Gina Haspel, now the CIA director, testified during her nomination hearing before the Senate Intelligence Committee on May 9. (Melina Mara/The Washington Post)
The torture of a suspected al-Qaeda terrorist, including waterboarding, is described in meticulous detail in newly-declassified cables that CIA Director Gina Haspel sent to agency headquarters in late 2002, when she headed a secret US detention facility in Thailand.
The suspect, Abd al-Rahim al-Nashiri, was believed to have been involved in planning the USS Cole bombing in Yemen in 2000, and the CIA was convinced that he knew about other attacks being planned.
Nashiri’s treatment during interrogation — forced nudity, shackling, being slammed against walls, being confined in a small box and mock executions, as well as waterboarding — has been previously mentioned in broad terms in official reports, hearings, court cases and news reports.
But many specifics about what happened to Nashiri during his several-week stay at the Thailand facility, while Haspel was briefly in charge, have not been made public. They are contained in 11 cables obtained under the Freedom of Information Act by the National Security Archive, a private research institute, which plans to release them early Friday.
CIA spokesman Timothy L. Barrett said the agency had no comment on the heavily redacted documents or their declassification.
In dry, unemotional reports, the cables graphically describe interrogators’ often violent attempts to glean information about possible future attacks against the United States from Nashiri, as he continued to say he had none.
On the 12th day of his detention, one cable to the home office reported, “interrogation escalated rapidly from subject being aggressively debriefed by interrogators . . . to multiple applications of the walling technique, and ultimately, multiple applications of the watering technique.”
The interrogators, it later said, “covered subject’s head with the hood and left him on the water board, moaning, shaking and asking God to help him repeatedly.” When they returned, they “adjusted subjects head restraint while telling him that all he had to do was tell them everything. Subject said he would.”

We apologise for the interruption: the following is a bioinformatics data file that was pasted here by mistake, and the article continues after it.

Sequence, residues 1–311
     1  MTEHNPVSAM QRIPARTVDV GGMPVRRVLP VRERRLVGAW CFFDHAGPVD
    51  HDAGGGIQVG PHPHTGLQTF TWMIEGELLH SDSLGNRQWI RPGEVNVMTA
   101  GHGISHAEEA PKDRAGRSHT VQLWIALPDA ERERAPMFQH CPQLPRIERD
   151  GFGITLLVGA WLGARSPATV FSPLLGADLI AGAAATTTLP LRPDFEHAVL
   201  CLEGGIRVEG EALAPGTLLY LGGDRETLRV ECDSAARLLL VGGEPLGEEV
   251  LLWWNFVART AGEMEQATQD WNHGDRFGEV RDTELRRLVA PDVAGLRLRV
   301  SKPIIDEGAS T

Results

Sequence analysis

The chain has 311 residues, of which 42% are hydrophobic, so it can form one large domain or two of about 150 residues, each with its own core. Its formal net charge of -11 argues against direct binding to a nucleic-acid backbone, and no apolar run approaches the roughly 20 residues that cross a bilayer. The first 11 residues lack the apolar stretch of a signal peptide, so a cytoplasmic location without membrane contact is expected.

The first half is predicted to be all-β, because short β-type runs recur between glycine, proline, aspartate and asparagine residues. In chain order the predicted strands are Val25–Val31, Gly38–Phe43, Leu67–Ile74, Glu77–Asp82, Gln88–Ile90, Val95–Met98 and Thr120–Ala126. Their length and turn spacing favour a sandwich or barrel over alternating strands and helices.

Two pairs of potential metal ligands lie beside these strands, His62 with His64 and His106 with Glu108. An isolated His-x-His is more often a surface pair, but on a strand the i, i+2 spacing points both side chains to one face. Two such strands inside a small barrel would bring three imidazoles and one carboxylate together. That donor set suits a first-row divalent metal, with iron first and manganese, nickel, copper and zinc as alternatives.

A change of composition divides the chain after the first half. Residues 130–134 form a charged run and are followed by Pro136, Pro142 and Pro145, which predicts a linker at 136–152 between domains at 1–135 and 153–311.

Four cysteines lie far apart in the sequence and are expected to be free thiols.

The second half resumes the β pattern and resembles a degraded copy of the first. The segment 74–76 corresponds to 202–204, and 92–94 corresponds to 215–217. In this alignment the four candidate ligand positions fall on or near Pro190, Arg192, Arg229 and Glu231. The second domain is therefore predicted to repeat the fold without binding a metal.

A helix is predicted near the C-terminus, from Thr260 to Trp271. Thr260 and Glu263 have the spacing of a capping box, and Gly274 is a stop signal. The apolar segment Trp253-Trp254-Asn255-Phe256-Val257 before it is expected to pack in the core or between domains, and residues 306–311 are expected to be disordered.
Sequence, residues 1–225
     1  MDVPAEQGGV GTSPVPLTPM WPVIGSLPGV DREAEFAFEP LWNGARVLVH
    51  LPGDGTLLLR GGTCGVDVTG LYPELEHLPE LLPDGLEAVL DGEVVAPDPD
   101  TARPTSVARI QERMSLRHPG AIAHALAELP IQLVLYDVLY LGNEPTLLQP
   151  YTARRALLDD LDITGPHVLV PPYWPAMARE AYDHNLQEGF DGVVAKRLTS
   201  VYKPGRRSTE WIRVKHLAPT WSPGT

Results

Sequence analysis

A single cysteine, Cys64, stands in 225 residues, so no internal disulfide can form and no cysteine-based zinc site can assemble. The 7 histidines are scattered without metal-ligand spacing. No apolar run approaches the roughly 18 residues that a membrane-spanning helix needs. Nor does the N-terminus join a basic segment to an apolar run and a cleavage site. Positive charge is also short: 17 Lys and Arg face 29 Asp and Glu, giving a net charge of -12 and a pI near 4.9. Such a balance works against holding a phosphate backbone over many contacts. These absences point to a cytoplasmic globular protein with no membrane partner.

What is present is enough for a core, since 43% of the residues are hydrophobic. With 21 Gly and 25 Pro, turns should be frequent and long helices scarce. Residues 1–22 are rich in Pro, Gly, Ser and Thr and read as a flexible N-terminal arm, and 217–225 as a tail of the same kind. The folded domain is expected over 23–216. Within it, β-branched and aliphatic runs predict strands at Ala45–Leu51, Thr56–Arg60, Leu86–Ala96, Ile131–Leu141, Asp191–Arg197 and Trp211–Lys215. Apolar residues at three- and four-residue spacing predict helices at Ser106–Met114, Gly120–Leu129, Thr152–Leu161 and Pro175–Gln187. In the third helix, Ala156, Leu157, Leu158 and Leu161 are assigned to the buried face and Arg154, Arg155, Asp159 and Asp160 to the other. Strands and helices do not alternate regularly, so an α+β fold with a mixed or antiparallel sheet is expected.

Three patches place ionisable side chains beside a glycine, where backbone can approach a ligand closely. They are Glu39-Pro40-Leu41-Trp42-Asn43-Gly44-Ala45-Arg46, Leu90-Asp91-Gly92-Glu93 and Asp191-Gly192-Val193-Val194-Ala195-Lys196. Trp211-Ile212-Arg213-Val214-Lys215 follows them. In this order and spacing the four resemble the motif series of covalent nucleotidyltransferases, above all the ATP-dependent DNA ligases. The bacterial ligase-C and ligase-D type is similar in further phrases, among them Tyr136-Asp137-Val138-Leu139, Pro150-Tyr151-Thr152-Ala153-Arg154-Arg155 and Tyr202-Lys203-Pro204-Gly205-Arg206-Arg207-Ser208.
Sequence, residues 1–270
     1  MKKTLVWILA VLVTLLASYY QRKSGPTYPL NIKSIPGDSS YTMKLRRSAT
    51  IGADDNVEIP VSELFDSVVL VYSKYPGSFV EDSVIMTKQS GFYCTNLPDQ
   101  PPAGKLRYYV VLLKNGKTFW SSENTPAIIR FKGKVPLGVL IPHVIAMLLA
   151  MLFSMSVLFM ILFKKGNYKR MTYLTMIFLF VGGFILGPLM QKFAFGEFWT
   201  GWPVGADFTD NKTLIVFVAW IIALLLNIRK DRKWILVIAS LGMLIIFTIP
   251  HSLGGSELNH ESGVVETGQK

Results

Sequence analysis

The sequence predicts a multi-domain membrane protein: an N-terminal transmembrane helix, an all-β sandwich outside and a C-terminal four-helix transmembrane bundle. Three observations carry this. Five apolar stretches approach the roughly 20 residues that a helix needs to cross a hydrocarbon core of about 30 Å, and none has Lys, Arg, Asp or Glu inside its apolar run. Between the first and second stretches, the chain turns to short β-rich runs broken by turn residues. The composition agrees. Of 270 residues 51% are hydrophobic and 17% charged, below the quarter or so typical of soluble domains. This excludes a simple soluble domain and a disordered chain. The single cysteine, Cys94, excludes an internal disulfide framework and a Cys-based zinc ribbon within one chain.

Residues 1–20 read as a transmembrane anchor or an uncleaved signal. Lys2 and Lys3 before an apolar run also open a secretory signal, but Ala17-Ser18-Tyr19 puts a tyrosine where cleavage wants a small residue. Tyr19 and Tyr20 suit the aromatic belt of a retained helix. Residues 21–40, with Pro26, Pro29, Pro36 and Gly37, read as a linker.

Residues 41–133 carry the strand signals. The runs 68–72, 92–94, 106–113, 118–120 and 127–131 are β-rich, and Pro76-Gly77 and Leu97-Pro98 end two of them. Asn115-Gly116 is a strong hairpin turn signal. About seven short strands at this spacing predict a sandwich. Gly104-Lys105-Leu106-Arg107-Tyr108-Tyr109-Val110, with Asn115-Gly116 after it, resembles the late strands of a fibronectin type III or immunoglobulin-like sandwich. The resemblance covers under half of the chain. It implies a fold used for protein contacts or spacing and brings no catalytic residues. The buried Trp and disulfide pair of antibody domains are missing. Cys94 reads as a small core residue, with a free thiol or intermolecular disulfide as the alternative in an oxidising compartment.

Nashiri was one of three detainees in the period after Sept. 11, 2001, who was waterboarded by the CIA; the technique, long considered torture, was deemed lawful by the Justice Department at the time.
Nashiri’s detention, both in Thailand and after his transfer in December 2002 to a second clandestine CIA site in Poland, was briefly described by the Senate Intelligence Committee in a 700-page report on the detention program released in late 2014.
The report quoted a CIA interrogator as saying that Nashiri, a Saudi Arabian national who had been captured in October 2002 in the United Arab Emirates, had overall provided “no actionable information.” He was later transferred to the military prison at Guantanamo Bay, Cuba, where he remains.
Haspel, a career clandestine officer and the first woman to lead the CIA, came under sharp questioning during her Senate confirmation hearing in May about the agency’s interrogation program, which has since been discredited, and her role in it.
Although she did not completely repudiate the past, she acknowledged in a letter to Sen. Mark R. Warner (Va.), the ranking Democrat on the Intelligence Committee, that “with the benefit of hindsight,” the enhanced interrogation program “is not one the CIA should have undertaken.”
It “did damage to our officers and our standing in the world,” Haspel wrote in a separate statement, and she told senators that she would be guided in the future by her “moral compass.” The committee, which had access to the cables, which were classified, conducted much of its questioning of her — and its final 10-to-5 vote in her favor — behind closed doors. The full Senate confirmed her as CIA director, 54 to 45.
Although anticipation in the committee’s public sessions was high about her role in the enhanced interrogations, it lost some steam after media outlets were forced to correct inaccurate reports saying she had been involved in the interrogation of Zayn al-Abidin Muhammed Hussein. The al-Qaeda suspect, better known by his nom de guerre, Abu Zubaida, had been waterboarded at the Thailand facility 83 times. But his subjection to that treatment had taken place before Haspel arrived.
This article provided by NewsEdge.